It should be noted from the outset that a reader's appreciation—or lack thereof—of Garth Ennis's work will directly impact their enjoyment of The Boys. Those familiar with the author will expect, perhaps even relish, the detours into gross-out humor and disgusting gags, the confrontation of sexual taboos, and the predilections of fetish (and never in subtle ways), heartily rounded out with foul language and bloody violence. If you are a fan of Ennis, you should have absolutely no trouble enjoying The Boys. If you are not, then you are not likely to find much comfort within the pages of this opening chapter of his ongoing anti-superhero series, which is a shame.
Ennis is quite clearly uninterested in the superficiality of the superhero genre and its one-sided notions of good versus evil, and this series allows him to take the concept of secret identities further in The Boys than typical cape-and-tights stories dare (or care) to tread. The superpowered heroes—or supes, for short—presented here are narcissistic, deranged freaks who are usually just as bad, if not worse, than the villains they stop. Their secrets lurk far deeper, and are far darker, than a mere alter ego. Their actions have consequences and repercussions that are often overlooked by society at large because of the celebrity culture they inhabit, and because the very nature of their existence can threaten to destabilize the status quo.
That's where The Boys come in. A CIA-funded squad of mortals led by Butcher, the team's primary goal is to keep the superhero community in check, to make sure they know they are being watched. Through blackmail and violence, the Boys seek to put an end to the supposed superiority of the supes, particularly the organization known as The Seven, a Justice League-type conglomeration of heroes with their fair share of secrets and vices.
One point of contention for genre fans may stem from the fact that many of the supes in this book are obvious caricatures of established heroes like Superman and the Justice League; in fact, no mainstream comic book character is safe from Ennis's pointed commentary. Prior to finding a home with Dynamite Entertainment, the six issues collected within this volume were originally published under DC's Wildstorm imprint. The series was canceled quickly, after DC became uncomfortable with the deeply nihilistic viewpoint Ennis was leveling against the superhero genre, particularly some of their central, iconic figures. Thankfully, DC's cancellation left Ennis free to continue the story by setting up shop with another publisher.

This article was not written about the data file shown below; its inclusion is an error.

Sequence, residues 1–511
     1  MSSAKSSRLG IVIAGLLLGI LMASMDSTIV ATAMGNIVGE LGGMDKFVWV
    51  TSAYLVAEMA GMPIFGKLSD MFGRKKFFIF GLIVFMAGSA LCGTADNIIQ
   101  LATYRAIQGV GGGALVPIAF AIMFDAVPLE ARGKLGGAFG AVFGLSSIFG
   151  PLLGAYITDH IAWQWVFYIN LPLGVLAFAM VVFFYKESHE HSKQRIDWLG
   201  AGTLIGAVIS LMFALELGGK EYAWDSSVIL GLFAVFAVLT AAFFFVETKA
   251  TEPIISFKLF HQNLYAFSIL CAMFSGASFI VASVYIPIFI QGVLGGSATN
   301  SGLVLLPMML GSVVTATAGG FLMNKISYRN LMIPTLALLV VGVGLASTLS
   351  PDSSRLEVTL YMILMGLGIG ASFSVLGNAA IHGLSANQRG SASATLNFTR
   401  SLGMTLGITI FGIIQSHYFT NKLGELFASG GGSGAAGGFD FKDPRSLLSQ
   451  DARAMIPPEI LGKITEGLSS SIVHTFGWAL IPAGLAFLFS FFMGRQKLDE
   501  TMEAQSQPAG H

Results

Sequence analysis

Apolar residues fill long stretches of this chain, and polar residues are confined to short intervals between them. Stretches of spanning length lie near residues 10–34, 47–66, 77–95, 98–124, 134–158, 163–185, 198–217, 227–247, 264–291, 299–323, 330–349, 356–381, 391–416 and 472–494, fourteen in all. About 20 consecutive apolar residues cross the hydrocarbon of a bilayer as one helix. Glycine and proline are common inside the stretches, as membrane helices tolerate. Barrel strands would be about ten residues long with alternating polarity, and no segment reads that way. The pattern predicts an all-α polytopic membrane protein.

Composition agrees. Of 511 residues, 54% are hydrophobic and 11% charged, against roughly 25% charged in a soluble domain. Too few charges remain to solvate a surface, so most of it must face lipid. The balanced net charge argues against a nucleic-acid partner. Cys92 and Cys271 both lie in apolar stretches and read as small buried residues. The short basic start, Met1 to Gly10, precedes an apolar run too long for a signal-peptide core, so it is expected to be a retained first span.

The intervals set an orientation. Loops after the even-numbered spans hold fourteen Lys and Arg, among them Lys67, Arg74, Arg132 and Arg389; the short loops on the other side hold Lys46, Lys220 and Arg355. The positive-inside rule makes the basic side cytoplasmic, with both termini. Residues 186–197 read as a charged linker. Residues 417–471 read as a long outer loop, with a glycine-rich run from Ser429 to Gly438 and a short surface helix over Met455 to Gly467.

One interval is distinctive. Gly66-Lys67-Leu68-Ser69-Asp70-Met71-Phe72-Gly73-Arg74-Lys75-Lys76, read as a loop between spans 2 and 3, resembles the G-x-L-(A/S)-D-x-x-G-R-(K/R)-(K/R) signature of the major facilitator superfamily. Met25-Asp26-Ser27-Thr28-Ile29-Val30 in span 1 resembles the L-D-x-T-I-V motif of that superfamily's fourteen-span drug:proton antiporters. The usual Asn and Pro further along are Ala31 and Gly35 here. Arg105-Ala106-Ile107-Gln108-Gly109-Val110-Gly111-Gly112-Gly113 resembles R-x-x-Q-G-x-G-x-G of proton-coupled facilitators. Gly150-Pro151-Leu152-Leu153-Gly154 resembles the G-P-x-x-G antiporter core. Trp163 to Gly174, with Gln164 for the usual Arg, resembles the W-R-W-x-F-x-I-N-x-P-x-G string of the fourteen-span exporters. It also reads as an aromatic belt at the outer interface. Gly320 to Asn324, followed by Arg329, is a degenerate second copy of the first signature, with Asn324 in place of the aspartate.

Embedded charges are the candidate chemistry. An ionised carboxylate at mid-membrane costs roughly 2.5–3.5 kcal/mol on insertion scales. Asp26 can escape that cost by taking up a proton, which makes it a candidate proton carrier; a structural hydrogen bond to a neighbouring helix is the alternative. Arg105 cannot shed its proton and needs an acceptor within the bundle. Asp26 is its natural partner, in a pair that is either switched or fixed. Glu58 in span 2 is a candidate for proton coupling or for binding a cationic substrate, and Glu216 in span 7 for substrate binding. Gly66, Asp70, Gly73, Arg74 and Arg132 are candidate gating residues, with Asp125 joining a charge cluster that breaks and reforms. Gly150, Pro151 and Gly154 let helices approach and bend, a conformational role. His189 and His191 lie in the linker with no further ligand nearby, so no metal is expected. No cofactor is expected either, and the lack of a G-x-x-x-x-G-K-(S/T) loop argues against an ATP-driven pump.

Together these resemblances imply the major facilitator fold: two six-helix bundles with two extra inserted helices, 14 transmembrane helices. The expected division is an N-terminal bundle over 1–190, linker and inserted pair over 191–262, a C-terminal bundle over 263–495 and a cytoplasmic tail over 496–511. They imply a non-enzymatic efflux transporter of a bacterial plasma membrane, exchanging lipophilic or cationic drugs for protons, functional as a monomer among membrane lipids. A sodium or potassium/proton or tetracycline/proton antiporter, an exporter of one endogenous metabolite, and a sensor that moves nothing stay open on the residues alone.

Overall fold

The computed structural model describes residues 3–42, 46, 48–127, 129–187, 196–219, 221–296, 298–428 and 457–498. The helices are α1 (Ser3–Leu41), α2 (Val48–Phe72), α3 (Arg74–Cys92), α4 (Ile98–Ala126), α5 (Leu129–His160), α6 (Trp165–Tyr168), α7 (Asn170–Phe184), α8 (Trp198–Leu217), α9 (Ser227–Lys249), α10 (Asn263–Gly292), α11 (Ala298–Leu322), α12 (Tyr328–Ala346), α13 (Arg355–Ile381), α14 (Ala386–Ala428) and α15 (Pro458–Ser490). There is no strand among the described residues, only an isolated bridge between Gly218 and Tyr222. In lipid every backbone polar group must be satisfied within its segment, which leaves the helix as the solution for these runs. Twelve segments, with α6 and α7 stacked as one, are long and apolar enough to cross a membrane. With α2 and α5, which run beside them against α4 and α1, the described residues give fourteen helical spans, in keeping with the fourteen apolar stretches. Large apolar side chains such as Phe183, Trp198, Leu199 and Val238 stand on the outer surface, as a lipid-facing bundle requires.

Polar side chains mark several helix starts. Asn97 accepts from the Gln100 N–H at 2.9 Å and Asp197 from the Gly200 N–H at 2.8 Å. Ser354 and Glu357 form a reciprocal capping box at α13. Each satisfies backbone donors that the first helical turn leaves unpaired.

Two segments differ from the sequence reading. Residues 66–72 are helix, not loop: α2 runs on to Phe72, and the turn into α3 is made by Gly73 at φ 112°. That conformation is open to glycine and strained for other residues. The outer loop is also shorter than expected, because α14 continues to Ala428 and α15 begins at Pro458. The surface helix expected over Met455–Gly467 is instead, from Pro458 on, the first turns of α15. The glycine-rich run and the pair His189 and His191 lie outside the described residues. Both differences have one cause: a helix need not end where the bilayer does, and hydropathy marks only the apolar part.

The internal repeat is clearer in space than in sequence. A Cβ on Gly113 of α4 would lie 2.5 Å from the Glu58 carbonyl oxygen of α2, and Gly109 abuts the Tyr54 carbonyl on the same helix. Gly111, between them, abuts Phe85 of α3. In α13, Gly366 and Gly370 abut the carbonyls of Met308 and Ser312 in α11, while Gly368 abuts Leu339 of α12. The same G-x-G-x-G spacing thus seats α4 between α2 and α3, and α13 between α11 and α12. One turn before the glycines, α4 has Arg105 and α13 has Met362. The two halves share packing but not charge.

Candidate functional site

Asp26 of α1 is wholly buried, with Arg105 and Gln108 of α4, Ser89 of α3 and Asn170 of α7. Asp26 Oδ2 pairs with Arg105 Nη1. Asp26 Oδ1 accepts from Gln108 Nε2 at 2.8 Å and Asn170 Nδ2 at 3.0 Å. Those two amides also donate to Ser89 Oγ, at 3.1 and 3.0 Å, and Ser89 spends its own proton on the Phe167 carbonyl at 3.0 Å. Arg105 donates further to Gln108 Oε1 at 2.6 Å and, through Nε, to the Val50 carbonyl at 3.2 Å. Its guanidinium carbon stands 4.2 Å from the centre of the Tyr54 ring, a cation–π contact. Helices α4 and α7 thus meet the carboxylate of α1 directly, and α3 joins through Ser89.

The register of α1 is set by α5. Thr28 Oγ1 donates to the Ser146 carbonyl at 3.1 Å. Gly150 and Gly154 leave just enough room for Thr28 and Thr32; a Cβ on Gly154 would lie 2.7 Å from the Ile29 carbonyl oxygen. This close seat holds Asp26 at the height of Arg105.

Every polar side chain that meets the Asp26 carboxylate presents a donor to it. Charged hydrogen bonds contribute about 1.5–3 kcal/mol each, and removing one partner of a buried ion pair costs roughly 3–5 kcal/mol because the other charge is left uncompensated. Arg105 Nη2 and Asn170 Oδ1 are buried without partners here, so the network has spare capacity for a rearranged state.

In introducing Butcher, his team, and their antagonists, Ennis establishes an alternate world where the Twin Towers still stand, and although New York does bear signs of a devastating attack, this world's version of 9/11 is a mystery. He also raises many questions about Butcher's past, his relationship with The Seven, the history of The Boys, and the political and business dynamics that run beneath it all.
Although the book is rife with all of Ennis's trademarks, there is, of course, a deeper meaning at work, a strict method to the man's madness. He is taking nearly a century's worth of comic-book misogyny and sexism, the traditional boys-club staple of superhero tales, and crafting a nastily dark and gritty revenge tale that promises to evolve into an important work of fiction. The women in The Boys are traumatized, used, and brutalized, their innocence savagely lost, sometimes in shocking fashion, and each of them are forever damaged. The men around them, both good and bad, are instruments of harsh violence, separated only by the context of morality.
Complementing the story are cocreator Darick Robertson's terrific illustrations. As he did in Transmetropolitan, Robertson manages to capture and build a vibrant, living world. His panels have a depth to them that constantly indicates the life of New York. His backgrounds are rich with graffiti strewn across buildings that have obviously seen better days, populated with the appropriate class of people. The physicality imbued upon the characters read you in on their personality instantly—the sardonic, sometimes cruel smile spread across Butcher's face clearly extends into the depth of his eyes, as does the smug superiority built into the posture and gait of the male members of The Seven. You can see the pain and horror in those who suffer loss, and the emotional damage etched into them. His pencil work gives the spark of life to the book's scripts, preventing the work from tumbling too deeply down into the dark muck.
The Boys is not a book for the politically correct crowd, or for those easily offended. Ennis and Robertson are carefully building a real-world take on the genre in which they can examine the facets of masculinity, sexism, and violence. Their opening gambit is a terrific introduction that lays the groundwork for a larger story, presenting several pieces of briefly mentioned history and developing relationships that will no doubt be exploited in future volumes. It isn't pretty, but it is a serious work told in oftentimes entertaining fashion. The Boys is very much an adult-oriented book, and those that can overlook, or even embrace, the darker tone of the series will find a challenging, rewarding antidote to the oftentimes-simplistic viewpoints of traditional superpowered-hero books.
Reviewed by Michael Hicks on April 8, 2008
The Boys, Vol. 1: The Name of the Game